Friday, April 16, 2010

The little things

The warm autumn sun had woven its magic and enticed her outside. The woollen blanket, that had once belonged to her Grand Mother was spread under the Alder tree, softening the grass, and providing somewhere for her to sit and do nothing more than enjoy the sounds of her children chattering as they played.

She ran her finger over the tiny blue stitches, which until today had gone un-noticed, thankfully the rug had been mended by loving and practical hands in years gone by. She remembered this rug, memories of a distant childhood, memories of homes that her grandparents had once lived in. Happy, comforting memories.

A couple of cherished books, on loan from a friend, lay stacked neatly alongside some sturdy picture books, their well loved pages slightly worn where they had been turned over and over by each of her children as toddlers. Her camera was also near by, ready to capture precious snapshots, recording forever the memories of these precious little moments that might otherwise be forgotten.

The little one climbed onto her lap, and together they explored the pages of one of the stories, naming the animals and laughing together. They would be distracted every now and then by the voice calling out "look at me Mummy" as he whizzed past on his bike, or pretended to be a bird flying around them. Eventually he joined them and they all read together, the pages transporting them far away to the farm where all the animals lived.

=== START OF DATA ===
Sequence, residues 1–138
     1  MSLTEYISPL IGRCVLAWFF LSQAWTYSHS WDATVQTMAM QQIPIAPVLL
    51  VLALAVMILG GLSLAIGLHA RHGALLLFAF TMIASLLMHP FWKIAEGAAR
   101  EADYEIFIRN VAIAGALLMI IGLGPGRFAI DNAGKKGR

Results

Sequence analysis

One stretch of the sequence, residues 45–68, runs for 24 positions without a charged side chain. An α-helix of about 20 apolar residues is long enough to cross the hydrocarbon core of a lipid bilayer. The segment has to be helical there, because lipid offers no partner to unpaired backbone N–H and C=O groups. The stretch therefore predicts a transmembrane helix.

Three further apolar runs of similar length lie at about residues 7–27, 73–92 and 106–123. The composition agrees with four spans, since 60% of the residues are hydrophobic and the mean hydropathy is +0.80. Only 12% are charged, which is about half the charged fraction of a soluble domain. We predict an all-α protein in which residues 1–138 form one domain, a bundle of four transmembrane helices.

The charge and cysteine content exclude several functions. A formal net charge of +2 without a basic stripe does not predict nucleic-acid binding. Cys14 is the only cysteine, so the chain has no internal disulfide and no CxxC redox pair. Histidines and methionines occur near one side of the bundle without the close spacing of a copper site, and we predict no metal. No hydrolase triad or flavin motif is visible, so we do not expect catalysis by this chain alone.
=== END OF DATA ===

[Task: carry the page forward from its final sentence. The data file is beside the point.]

As they finished the story, something caught his eye. From under a near by bush his small hand grasped a piece of wood. It had most likely fallen there the previous winter, as the wood had been unloaded and stacked for the fire. It was weathered and slightly curved, maybe it could be a hill for one of his treasured cars she suggested, but he wasn't ready for it to be anything. He continued to fossic around, finding small sticks that had fallen from the tree in the recent storm, their leaves curled and brown. The little one couldn't resist joining in the fun, collecting more of the crunchy brown leaves, and carefully placing them around the greyed edges of the upturned piece of wood.

By now he had lost interest in this game and was off running around, pretending to flap his wings and fly like a bird. She offered a suggestion to the little one, a doll from the dolls house in her room. With a smiling face, she clambered to her feet, her jeans were rolled up several times to stop the length dragging on the ground, and the waist pulled in tightly to stop them falling to the ground.

She hurried inside, careful to avoid the few driveway pavers that were cracked and wobbly, she returned with not one, but a n armfull of the little wooden dolls, all ready for an outdoor adventure.

Her chubby toddler fingers sat them on the piece wood, sprinkled leaves on them and layed them on the grass.

She tried in earnest to take off the black felt jacket that one of the dolls wore.

It took all of her concentration and skill to remove it.

Then she tried to wear it herself.